“Horses”, the opening work of the second BICT fest, is both a surprise and a good omen of what’s to come
WHILE THAILAND will soon play host to three art biennales– the first ever held here – there remains only one biannual international children’s theatre festival in the country. This clearly proves the lack of support for children’s performing arts, a tool that helps them develop into quality adults, and reminds us of the sad fact that here the focus is on talent shows and competitions.
At the opening ceremony of the second biannual Bangkok International Children’s Theatre Festival on the first floor of the Bangkok Art and Culture Centre (BACC), part of BACC’s seventh annual Performative Art Festival (PAF), last Thursday, audiences saw plenty of logos of cultural and educational partners but few of supporters on the poster backdrop. Despite this, festival director Adjjima Na Patalung, and her team at Arts on Location and Democrazy Theatre Studio have managed to bring in performances, artists, scholars and producers from nine countries.
In just seven days, Kabinet K managed to create a performance worthy to raise the curtain of the BICT Fest at BACC. Photos/Deun Chongmankhong
In her opening speech, Adjjima noted that as the festival puts emphasis on the process, rather than product, the show that we were about to watch was a work developed from a seven-day workshop – hardly the usual curtain raiser for any performing arts festival.
Later, when we moved to the fourth floor studio, Adjjima introduced the Belgian choreographer Joke Laureyns, who’s part of Ghent-based company Kabinet K. She described the concept of “Horses” as an “intense sharing” rather than a “performance”. The work premiered in 2016 and toured many European cities following five months of creation and rehearsals, and Laureyns applied this intense sharing to six adult and six children performers here in Bangkok.
Forty-five minutes later and most audience members would agree that she was being humble. It was a risk well taken for the festival, and the Thai version of “Horses” didn’t look like a work from a seven-day workshop at all. Centred on the theme of trust through physical movements, professional dancers and children engaged in a variety of movements and at various paces set to original music. It was also proof that to enjoy dance, kids don’t necessarily have to just watch music videos and copy their movements then perform in a dance competition in a department store.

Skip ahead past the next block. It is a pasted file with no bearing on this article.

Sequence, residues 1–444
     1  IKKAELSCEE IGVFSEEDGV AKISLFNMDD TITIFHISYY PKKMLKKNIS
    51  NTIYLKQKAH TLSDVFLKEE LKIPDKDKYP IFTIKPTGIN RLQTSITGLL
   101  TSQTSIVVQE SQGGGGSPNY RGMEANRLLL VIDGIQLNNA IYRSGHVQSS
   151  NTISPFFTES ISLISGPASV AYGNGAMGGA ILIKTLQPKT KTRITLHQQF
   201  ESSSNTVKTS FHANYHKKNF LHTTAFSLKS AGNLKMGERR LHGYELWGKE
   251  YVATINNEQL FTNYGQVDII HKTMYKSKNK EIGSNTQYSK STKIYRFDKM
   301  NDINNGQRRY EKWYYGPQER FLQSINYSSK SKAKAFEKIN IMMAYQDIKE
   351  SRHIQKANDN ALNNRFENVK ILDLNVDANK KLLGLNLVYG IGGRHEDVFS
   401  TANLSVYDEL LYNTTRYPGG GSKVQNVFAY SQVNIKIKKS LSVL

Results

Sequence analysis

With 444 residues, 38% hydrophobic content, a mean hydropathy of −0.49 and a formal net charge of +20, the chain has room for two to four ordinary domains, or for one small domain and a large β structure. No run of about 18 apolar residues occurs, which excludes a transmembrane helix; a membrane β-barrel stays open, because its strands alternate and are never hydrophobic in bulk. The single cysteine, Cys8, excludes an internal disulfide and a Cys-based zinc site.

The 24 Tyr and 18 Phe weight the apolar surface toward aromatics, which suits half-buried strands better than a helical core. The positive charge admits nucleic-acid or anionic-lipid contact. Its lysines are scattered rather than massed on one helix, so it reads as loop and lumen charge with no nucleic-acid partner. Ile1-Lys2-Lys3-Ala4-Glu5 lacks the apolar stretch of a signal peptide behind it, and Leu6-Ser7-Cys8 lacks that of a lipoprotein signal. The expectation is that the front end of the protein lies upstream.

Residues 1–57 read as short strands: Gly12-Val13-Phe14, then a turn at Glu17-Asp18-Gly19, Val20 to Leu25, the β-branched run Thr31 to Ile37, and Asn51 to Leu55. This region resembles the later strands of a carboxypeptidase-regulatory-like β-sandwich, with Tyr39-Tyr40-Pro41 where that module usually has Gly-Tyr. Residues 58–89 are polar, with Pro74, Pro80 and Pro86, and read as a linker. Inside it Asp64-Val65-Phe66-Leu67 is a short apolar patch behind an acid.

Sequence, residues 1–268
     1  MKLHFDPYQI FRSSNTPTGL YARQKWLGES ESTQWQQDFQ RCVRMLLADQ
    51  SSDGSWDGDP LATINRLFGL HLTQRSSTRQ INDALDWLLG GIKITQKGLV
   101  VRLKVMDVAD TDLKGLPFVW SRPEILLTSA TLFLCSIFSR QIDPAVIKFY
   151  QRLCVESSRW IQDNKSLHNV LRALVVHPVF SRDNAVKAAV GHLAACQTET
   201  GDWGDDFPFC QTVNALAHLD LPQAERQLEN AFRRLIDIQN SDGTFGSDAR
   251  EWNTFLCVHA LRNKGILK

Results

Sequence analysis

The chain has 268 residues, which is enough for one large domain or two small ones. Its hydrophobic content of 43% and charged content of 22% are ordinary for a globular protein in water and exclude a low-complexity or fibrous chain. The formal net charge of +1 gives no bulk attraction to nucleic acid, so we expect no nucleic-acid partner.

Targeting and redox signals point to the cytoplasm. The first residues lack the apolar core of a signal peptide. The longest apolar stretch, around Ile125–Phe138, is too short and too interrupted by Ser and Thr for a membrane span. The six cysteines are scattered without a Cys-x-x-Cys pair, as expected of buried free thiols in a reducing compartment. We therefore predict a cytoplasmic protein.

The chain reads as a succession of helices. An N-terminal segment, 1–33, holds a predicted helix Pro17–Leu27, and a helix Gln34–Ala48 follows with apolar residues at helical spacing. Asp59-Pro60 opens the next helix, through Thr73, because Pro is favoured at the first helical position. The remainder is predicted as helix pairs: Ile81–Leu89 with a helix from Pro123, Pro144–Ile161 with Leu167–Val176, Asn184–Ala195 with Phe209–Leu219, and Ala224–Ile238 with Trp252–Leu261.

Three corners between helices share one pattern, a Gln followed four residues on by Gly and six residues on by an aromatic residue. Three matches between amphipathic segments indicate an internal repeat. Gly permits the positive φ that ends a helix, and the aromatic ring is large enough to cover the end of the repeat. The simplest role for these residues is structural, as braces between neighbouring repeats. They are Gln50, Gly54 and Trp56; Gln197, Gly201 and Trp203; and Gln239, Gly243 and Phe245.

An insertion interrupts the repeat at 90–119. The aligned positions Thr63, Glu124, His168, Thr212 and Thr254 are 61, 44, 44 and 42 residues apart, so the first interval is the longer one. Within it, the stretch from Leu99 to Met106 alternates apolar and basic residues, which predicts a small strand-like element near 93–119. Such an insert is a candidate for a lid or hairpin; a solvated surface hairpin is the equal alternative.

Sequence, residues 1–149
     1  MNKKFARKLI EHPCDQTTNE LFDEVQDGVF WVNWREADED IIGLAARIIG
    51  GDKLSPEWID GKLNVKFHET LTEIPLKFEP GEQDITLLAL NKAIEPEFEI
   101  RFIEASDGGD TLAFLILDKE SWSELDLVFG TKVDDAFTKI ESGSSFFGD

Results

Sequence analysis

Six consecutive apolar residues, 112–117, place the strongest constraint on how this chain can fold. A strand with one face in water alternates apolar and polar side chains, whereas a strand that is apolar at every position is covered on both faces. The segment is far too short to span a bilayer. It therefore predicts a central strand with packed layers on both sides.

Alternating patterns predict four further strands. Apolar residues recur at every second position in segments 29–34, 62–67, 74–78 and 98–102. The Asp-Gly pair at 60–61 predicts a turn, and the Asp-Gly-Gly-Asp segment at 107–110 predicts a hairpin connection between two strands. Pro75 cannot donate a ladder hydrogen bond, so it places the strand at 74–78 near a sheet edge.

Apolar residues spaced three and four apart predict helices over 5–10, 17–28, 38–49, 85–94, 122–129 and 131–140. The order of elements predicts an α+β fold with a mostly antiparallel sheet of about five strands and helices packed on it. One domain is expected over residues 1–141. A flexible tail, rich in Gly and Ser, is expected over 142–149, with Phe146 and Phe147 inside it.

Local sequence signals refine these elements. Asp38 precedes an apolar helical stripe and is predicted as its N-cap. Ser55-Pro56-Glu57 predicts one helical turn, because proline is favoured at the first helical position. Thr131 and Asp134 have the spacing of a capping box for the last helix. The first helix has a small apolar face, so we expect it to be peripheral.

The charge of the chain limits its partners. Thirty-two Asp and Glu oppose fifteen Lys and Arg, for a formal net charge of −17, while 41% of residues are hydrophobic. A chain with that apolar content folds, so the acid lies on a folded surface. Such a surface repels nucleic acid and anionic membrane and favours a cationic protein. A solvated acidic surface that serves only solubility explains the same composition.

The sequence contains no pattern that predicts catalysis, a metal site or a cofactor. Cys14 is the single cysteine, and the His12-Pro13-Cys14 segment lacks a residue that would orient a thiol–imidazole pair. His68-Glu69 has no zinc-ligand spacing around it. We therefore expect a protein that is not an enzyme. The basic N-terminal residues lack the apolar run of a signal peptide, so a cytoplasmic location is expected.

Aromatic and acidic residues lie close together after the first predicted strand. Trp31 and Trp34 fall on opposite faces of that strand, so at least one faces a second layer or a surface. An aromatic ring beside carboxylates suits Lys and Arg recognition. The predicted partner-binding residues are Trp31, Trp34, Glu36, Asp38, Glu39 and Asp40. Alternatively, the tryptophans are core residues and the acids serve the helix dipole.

Yet the number of adults in the audience far surpassed the kids at this opening show – perhaps because it was weekday evening –and a boy in front of me fell asleep after 20 minutes, allowing me a full view of the work. I found myself wishing that, since the original version was presented with a live music performance, Thai musicians, composers or sound designers able to work in such a limited time, could have participated in this Thailand-Belgium collaboration, thus adding to the local input.
And since I cannot take my four-legged son to any of BICT Fest’s programmes, I replicated some of the dance movements in our midnight playtime to prove that we also have trust in one another.
But as neither of us are dancers and he weighs 28 kilos, his facial reaction read, “Hey, wouldn’t you rather have a human son instead of me?”
OFF WITH THOSE SMARTPHONES
The “Bangkok International Children’s Theatre Festival 2018” runs through May 27 at BACC (BTS: National Stadium), Chulalongkorn University (BTS: Siam) and Creative Industries (at M Theatre, on New Phetchaburi Road, between Thonglor and Ekamai).
It features performances, workshops, talks and forums.
For more details and ticket reservations, visit www.BICTfest.com and Facebook.com/BICTfest, call (081) 441 5718, or email BICTfest@gmail.com.